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About The IGF is presented by the UBM TechWeb Game Network, which runs the Independent Games Festival & Summit every year at Game Developers Conference. The company (producer of the Game Developers Conference series, and Game Developer magazine) established the Independent Games Festival in 1998 to encourage innovation in game development and to recognize the best independent game developers.

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November's GDC Next open for talk submissions

April 29, 2013 3:07 PM | John Polson

GDC Next.pngUBM Tech is announcing a call to present lectures, roundtables and panels at the inaugural Game Developers Conference Next (GDC Next) - with submissions open from now through Wednesday, May 29th.

Those who submit talks are being asked to present best practices across six tracks: Independent Games, The Future of Gaming, Next Generation Game Platforms, Free-to-Play & New Business Models, Smartphone and & Tablet Games, and Cloud Gaming.

GDC Next, which aims to highlight the 'state of the art' for the future of video games, is taking place simultaneously with the App Developers Conference on November 5th-7th, 2013 at the Los Angeles Convention Center.

Mobile brawling without virtual buttons in Squids dev's upcoming Combo Crew

April 26, 2013 12:37 PM | John Polson

The Game Bakers promises a pure arena fighting experience without virtual d-pad controls in Combo Crew, coming May 2013 for the iPhone, iPad, and Android. The Squids developer remains committed to supporting mobile games, and according to the above trailer and the one after the jump, it will do so with simple gestures, quick matches, stylish graphics, and slick animation.

Lineup for the fourth No Quarter exhibition revealed

April 25, 2013 4:30 AM | Staff

noquarter2013.jpegThe fourth annual No Quarter Exhibition will take place in New York next week, and feature four new games from a selection of notable indie developers.

For the past several years, the NYU Game Center has commissioned work from established and emerging indie devs, with the aim to create experiences that work in a social, gallery setting. Last year's No Quarter included work from people like Zach Gage and Jan Willem Nijman.

This year, new games from Bennett Foddy, Sophie Houlden, Matthew LoPresti, Nik Mikros, and Josh DeBonis will be displayed on May 3 at the Tisch School of the Arts.

The event is free to attend. Those hoping to visit can find more details on the official website.

[Mike Rose wrote this newsbrief originally for sister site Gamasutra]

IGF China seeking pan-Pacific indie game submissions for 2013 event

April 24, 2013 12:22 PM | John Polson

The Independent Games Festival China - which will take place alongside this September's GDC China in Shanghai - has opened its call for submissions and is accepting indie game entries from the pan-Pacific area from now through July 19.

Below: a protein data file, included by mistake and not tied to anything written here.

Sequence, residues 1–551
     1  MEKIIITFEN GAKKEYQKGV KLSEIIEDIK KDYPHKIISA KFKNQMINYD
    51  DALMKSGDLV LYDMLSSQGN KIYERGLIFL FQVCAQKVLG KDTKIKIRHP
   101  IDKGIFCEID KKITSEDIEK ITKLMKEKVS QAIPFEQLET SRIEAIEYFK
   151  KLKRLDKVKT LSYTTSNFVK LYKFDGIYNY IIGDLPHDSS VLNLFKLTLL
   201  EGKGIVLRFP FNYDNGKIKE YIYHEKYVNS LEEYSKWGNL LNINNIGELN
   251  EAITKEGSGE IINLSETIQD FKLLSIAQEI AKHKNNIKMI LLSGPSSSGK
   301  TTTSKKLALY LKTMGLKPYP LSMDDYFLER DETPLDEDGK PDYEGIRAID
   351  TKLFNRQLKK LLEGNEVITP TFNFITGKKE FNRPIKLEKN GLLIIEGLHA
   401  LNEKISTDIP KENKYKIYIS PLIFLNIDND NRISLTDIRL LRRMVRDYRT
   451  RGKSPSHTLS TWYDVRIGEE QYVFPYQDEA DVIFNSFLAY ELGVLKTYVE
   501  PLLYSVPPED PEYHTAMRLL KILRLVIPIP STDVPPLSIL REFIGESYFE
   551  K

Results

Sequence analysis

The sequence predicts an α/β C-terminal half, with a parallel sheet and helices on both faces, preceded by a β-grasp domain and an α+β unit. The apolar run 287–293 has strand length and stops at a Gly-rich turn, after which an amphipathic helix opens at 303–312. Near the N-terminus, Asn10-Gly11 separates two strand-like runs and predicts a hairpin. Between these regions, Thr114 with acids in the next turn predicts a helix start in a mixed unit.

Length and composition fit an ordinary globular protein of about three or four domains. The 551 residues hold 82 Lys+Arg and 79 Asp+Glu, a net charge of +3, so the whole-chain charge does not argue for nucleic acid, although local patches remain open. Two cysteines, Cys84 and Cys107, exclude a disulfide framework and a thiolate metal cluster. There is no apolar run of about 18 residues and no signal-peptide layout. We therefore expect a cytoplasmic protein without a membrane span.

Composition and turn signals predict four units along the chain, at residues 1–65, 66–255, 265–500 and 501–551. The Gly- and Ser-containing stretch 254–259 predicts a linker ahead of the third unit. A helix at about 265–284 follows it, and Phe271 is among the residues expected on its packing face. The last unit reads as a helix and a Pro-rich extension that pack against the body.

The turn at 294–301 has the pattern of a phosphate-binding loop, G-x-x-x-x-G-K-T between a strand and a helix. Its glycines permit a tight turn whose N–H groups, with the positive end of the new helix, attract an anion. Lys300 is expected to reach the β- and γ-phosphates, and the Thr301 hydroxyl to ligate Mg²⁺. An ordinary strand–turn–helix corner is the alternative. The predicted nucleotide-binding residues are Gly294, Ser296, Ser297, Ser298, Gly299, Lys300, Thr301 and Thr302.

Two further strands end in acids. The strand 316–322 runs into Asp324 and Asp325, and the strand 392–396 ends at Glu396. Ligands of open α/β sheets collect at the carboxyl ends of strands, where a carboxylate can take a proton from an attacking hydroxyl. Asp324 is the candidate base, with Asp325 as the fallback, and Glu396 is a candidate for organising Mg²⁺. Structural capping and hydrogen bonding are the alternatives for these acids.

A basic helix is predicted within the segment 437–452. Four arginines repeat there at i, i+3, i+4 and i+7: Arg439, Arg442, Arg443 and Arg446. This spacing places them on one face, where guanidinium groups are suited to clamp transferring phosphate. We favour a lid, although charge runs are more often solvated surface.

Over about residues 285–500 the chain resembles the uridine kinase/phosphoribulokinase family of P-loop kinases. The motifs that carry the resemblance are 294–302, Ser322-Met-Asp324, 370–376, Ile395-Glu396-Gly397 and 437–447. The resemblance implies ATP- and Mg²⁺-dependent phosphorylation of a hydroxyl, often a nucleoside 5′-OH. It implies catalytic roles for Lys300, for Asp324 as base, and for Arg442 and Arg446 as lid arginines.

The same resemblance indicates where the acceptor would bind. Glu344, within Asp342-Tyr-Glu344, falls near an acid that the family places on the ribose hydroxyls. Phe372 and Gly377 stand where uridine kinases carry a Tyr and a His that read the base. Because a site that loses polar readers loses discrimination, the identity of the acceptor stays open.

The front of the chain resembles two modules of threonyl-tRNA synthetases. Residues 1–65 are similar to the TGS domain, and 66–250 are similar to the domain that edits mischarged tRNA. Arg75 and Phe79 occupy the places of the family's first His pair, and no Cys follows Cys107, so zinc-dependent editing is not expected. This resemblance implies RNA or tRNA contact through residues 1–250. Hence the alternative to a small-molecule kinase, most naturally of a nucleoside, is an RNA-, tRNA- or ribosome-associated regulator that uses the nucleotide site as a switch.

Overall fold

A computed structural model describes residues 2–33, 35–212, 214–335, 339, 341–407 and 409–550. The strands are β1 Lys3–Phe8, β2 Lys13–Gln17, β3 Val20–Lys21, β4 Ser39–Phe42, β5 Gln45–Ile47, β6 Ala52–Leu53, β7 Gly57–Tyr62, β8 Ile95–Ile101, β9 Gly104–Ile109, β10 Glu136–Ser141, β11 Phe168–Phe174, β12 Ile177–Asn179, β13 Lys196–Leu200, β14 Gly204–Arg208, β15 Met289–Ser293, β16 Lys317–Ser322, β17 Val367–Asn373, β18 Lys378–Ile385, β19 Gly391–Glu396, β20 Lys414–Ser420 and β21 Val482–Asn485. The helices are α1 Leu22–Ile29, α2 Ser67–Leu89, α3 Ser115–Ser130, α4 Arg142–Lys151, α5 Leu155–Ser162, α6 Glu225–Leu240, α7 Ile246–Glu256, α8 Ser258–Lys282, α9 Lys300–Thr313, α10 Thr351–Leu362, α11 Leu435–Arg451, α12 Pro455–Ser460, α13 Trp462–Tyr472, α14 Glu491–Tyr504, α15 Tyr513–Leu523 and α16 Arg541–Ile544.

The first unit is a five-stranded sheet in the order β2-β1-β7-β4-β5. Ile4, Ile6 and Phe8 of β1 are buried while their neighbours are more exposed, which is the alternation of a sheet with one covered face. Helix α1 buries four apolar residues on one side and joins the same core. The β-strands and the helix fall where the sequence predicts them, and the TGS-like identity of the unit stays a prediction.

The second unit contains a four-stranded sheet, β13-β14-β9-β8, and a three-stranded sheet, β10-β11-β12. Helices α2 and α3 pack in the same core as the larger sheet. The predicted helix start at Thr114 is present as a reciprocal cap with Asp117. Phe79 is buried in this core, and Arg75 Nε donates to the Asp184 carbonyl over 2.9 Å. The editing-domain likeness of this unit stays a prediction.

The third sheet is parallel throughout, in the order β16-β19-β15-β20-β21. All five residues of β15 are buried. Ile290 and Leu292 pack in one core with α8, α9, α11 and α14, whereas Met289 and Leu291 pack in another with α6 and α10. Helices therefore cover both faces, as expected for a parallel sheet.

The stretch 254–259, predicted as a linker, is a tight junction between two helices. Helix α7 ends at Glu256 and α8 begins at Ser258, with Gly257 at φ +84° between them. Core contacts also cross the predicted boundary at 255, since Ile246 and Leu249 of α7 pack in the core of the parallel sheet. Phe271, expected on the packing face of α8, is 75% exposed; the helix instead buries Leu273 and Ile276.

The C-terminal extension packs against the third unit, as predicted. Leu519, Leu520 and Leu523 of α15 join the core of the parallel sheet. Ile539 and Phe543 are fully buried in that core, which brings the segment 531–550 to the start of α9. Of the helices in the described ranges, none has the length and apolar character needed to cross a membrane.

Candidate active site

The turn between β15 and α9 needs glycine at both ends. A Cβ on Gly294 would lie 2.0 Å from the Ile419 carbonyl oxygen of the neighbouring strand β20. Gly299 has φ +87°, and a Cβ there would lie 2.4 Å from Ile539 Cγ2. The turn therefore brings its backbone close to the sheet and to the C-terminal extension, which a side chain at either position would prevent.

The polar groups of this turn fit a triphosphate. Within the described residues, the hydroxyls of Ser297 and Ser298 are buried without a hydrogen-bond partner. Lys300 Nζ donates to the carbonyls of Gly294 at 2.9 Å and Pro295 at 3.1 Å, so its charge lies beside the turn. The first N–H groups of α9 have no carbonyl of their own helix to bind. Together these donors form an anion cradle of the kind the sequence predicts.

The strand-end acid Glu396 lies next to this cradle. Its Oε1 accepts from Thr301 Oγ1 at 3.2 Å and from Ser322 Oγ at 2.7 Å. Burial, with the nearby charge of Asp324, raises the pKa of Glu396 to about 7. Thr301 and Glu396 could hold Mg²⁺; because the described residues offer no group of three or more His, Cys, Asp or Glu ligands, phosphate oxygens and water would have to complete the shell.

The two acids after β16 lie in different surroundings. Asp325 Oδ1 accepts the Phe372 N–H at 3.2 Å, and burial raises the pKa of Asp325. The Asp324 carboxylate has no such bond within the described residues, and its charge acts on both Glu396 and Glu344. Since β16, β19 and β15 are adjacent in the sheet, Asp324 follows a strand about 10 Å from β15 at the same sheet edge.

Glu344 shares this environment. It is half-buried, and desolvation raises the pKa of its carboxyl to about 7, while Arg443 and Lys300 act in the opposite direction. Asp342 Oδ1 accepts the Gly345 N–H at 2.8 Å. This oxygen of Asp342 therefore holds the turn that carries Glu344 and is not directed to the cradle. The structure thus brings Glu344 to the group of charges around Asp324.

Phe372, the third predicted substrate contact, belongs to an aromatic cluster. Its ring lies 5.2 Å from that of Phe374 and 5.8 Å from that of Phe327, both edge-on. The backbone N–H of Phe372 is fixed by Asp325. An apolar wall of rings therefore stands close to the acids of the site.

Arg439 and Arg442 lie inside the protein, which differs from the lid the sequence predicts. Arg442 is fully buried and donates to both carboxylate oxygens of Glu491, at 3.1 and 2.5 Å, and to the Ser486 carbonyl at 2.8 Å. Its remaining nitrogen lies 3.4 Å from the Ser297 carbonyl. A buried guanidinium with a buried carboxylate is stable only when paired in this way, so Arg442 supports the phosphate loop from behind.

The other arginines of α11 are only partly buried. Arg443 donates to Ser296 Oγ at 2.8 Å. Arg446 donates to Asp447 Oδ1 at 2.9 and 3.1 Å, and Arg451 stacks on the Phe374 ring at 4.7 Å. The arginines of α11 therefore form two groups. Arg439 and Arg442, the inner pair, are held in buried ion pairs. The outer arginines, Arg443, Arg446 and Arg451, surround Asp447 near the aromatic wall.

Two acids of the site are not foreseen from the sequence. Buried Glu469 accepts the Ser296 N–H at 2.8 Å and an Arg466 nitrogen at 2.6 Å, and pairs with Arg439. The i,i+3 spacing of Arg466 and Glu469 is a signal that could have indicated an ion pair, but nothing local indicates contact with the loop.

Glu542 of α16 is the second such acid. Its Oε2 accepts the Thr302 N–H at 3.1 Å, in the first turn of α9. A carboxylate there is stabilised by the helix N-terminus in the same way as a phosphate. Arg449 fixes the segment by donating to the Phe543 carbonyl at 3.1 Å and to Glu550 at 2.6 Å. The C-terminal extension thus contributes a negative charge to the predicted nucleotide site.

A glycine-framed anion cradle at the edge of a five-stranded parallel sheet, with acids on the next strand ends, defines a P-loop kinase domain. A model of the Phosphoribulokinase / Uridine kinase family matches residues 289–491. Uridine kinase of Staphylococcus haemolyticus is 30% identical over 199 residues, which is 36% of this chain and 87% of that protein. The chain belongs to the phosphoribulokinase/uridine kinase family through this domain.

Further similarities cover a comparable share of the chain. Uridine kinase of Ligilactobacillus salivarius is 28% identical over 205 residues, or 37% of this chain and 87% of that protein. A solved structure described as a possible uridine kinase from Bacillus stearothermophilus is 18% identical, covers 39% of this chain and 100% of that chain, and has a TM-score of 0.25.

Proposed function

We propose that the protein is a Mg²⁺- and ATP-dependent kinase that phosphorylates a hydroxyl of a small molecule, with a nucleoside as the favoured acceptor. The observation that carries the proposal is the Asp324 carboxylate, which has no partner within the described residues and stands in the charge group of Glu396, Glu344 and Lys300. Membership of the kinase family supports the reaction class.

Following its success from previous years, GDC China will once again host all three main elements of IGF China, including the Independent Games Summit, the IGF Pavilion, and the prestigious IGF China Awards.

Now in its fifth year, the IGF Summit at GDC China will feature sessions from some of the world's top developers, while the IGF Pavilion will showcase some of the region's best independent and student games.

And of course the IGF China Awards - which are split into both Main and Student competitions - will honor the many talented developers in the pan-Pacific area.

Last year's event saw 159 high-quality entries from regions including Mainland China, Taiwan, Singapore, Japan, Indonesia, Thailand, India, Serbia, Montenegro, and more.

Last year's recipients included the Best Game winner, the retro-inspired puzzler Cubetractor, and abstract action Best Student Game winner, Fish - and other previously honored games (from 2011 and before) include acclaimed strategy title FTL: Faster Than Light and unconventional retro game Pixel May Cry.

Vlambeer's games popular among players, cloners alike

April 23, 2013 12:01 AM | Staff

luftrauserssmall.jpgVlambeer's not only known for tight and focused games like Super Crate Box and Ridiculous Fishing. The Dutch independent game studio is also known for taking a stance against game cloning, which is all-too-common on mobile app stores.

The reason Vlambeer is so publicly anti-cloning is because Ridiculous Fishing spawned a clone, which released well before the actual Ridiculous Fishing, and that nearly tore the studio apart a couple years ago.

Now it appears that another one of Vlambeer's upcoming distinctively-styled games, Luftrausers, has been cloned and released on mobile.

Vlambeer's Rami Ismail told Gamasutra over instant messenger that the studio has emailed both Apple and Google about game, which is credited to one "RubiqLab."

"The basic consensus seems to be since [RubiqLab is] using our assets and using fake screenshots exactly like our game that we should just file a complaint," he said.

New DROD teases more dungeon puzzles; developer listening to platform requests

April 22, 2013 9:05 PM | John Polson